LCS Poincare Rotating Cylinder Example
In this example shows how one can use several of the PICS tools to explore a steady state flow field.
The data is from a rotating cylinder flow model used to explore chaotic advection in a steady, three-dimensional, Ekman-driven eddy model. Which is a form of a Hamiltonian system. The flow field has vertical overturning and horizontal swirling motion, and is an idealization of motion observed in some ocean eddies. When perturbed by a symmetry breaking disturbance chaos arises. Some trajectories survive the perturbation and act as barriers to chaotic transport, a result consistent with an extension of the KAM theorem for three-dimensional, volume-preserving flow. For the complete details on this data please see the paper by: Pratt, L., I. Rypina, T.M. Özgökmen, P. Wang, H. Childs and Y. Bebieva, 2014: Chaotic advection in a steady, three-dimensional, Ekman-driven eddy. Journal of Fluid Dynamics, 738, 143-183.
The image below shows the complexity of just two integral curves (streamlines) as they traverse through the steady state flow field. Finding structures such as surfaces and island chains shown in the second image is difficult at best.
Using the LCS Operator to create a FTLE Plot
To explore the data one of the first plots one can create is an Finite Time Lyapunov Exponent (FTLE) plot. A regular grid in X-Z plane at y=0 is defined along with a 3D auxiliary grid while calculating the largest Lyapunov Exponent. The FTLE plot shows the overall gross detail of the Hamiltonian system. The zoomed image of the right side of the system shows some fine structures. However, very fine structures are hard to discern. Using a finer grid could be used but with a greater computational expense. Unlike other FTLE images due to the chaotic nature of many of the integral curves coherent structures (LCS) are not readily apparent.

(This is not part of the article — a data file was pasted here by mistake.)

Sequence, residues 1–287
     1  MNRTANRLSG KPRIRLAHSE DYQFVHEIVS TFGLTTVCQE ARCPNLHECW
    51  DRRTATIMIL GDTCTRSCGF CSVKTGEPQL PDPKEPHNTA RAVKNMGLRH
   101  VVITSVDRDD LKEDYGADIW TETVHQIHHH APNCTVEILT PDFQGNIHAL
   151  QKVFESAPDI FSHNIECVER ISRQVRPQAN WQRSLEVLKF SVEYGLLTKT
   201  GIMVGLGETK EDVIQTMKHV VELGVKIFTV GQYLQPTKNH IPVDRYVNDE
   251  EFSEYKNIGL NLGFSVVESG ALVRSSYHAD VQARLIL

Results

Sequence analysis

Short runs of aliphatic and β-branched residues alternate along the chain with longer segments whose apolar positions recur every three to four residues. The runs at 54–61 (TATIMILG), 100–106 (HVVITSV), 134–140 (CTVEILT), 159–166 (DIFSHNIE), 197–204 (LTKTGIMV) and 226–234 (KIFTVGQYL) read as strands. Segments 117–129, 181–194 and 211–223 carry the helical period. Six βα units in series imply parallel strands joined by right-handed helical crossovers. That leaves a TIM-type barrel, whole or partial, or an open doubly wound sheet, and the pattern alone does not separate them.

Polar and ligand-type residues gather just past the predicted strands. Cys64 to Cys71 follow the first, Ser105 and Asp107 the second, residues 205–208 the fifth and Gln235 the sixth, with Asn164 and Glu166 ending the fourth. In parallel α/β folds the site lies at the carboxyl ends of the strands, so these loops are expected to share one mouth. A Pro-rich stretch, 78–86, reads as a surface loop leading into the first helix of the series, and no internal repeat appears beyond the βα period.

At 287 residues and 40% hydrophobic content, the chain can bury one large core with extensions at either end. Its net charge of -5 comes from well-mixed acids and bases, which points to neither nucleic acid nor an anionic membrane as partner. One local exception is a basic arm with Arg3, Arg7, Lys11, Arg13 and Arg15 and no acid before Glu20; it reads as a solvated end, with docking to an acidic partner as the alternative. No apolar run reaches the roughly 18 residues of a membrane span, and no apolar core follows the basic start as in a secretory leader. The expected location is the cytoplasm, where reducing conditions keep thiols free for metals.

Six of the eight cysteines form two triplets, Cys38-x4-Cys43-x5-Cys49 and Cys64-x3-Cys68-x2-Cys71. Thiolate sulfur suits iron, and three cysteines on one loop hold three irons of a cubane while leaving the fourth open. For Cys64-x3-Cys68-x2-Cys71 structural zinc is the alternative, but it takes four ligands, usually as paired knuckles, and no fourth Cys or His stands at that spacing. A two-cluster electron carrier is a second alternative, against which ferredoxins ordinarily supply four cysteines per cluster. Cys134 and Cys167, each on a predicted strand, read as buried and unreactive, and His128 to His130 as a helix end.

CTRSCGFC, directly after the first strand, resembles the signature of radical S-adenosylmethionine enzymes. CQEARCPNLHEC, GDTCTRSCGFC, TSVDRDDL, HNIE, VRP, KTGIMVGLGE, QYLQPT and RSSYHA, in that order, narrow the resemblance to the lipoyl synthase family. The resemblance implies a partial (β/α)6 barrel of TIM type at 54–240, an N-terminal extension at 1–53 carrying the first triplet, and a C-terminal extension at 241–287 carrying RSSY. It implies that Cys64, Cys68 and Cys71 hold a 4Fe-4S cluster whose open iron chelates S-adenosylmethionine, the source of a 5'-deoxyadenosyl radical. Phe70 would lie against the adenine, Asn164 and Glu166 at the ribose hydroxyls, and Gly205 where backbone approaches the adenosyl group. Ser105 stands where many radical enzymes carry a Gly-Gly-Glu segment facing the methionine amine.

Using the Poincaré Operator to create a Puncture Plot
The simplest way to explore a doubly periodic system (i.e. data with periodicity in the toroidal and poloidal directions) is to create a puncture plot. Using the Poincaré operator one defines the puncture plane to be in the poloidal plane (i.e. X-Z plane at y=0). Next one creates a series of seed points uniformly spaced along a line in space. Although for simplicity the line is typically defined in X-Z plane at y=0. A line rather than a plane is used because for such Hamiltonian systems integral curves are volume filling. After setting the integration scheme and the number of punctures one sets the Poincaré analysis type to "None - punctures only." This will generate the puncture plot as shown below.
By coloring the punctures based on the integral curve id puncture plots can give good detail. For instance, the island chain in the lower left corner drawn in red also contains secondary islands. In this case there are three islands and five secondary islands. However, one does not know if the island chain has a toroidal/poloidal winding ratio of 3,1 or 3,2. Similarly the secondary islands the winding ratio could be a 15,5 or 15,10 island chain. (As will described next, in this case they are the later, 3,2 and 15,10 respectively). Further, due to the integral curve density and the volume filling nature of chaotic integral curves puncture plots often suffer from clutter. Adjusting the point density can alleviate some the clutter.